It can be difficult to ask these questions. It may seem to you – or your family members – that you are asking for things because you have an expectation of endless support. Or perhaps you’re worried about making family members feel guilty if they can’t provide additional or ongoing support. In this case, you can prepare a script and rehearse it.

Something like this might work well:

“Mom, I’m trying to take more responsibility in my financial life. I am so grateful for everything you have done for me and I expect nothing more from this day forward. But you may want to continue helping or even do more if you can, or just serve as a buffer in case I get into trouble. So I can plan, I just need to ask about some ongoing or upcoming expenses. Can we set up a time to talk about this?

Most people who graduate from college took out loans to do so. This is normal (although we should never completely normalize the fact that students in the United States do not receive as much government support as in many other countries). Remember, you can always ask for more scholarship money from your school if your circumstances change, or even if they don’t change. You don’t get what you don’t ask for.

As for your debt, start tracking it. If you don’t have a list of the loans you’ve taken out and their amounts, it will be difficult to begin the repayment process in an organized manner. Before you start repaying them, spend some time studying about income-driven repayment plans for federal student loans. They’re changing due to political changes and legal challenges, but the discounted payments are more generous than you might think if your income is relatively low.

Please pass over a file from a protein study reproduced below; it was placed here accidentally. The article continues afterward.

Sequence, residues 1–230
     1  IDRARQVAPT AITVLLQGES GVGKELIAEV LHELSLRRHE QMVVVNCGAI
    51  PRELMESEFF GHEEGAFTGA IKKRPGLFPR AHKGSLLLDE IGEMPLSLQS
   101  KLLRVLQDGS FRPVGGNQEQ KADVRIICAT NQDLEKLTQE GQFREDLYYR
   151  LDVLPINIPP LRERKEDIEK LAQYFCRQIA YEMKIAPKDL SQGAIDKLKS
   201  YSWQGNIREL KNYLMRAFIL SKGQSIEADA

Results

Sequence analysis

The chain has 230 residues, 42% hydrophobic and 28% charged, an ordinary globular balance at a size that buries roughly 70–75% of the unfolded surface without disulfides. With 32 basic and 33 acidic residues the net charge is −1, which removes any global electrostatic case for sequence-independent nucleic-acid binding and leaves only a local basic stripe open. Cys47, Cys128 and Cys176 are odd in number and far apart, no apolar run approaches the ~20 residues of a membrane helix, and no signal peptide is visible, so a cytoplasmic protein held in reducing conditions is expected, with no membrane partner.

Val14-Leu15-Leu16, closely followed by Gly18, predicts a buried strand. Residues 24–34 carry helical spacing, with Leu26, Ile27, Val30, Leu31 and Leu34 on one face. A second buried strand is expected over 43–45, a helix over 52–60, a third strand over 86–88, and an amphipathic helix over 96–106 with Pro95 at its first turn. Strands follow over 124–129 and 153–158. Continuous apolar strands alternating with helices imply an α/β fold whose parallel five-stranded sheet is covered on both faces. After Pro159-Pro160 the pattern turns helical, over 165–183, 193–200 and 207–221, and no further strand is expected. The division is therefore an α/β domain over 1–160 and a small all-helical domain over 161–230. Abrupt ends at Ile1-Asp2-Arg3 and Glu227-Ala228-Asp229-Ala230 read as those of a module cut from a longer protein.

No longer on your parents’ health plan? Be aware of any school-provided insurance and its limits. They can be quite insignificant. If you are not married, consider who should have access to your health records or have decision-making authority in the event of a serious emergency. Fill out permission forms describing your wishes.

If you have been laid off, apply for unemployment benefits. There is often paperwork and a bit of waiting. No guilt, no shame here – unemployment taxes exist so that when we lose our jobs, we can access this compensation.

The same thing happens with food stamps – you or your family pay into a variety of government systems for precisely this moment. Many colleges have their own food pantries for students. It’s depressing that it’s necessary, but it’s extremely useful if you’re in a pinch.

Owners may cut you some slack. Explain yourself and ask for a month or two off. If that doesn’t happen, ask about a lump sum payment at the end of the lease or some type of mid-term payment plan. Many landlords did this kind of thing at the beginning of the pandemic.

In the meantime, let’s just reiterate the importance of relying on your community. You’ve probably done a lot of good things for people over the years. This is the time to ask how they can help you.

And if you’re lucky enough to be employed, think about how nice it would be for someone who is in a bad situation to be invited to dinner or taken out to lunch. Now, go ahead and get in touch.

Ask us here.

Did you miss the first day? Follow here. Day 2 arrived, day 3 arrived, day 4 arrived and day 5 arrived.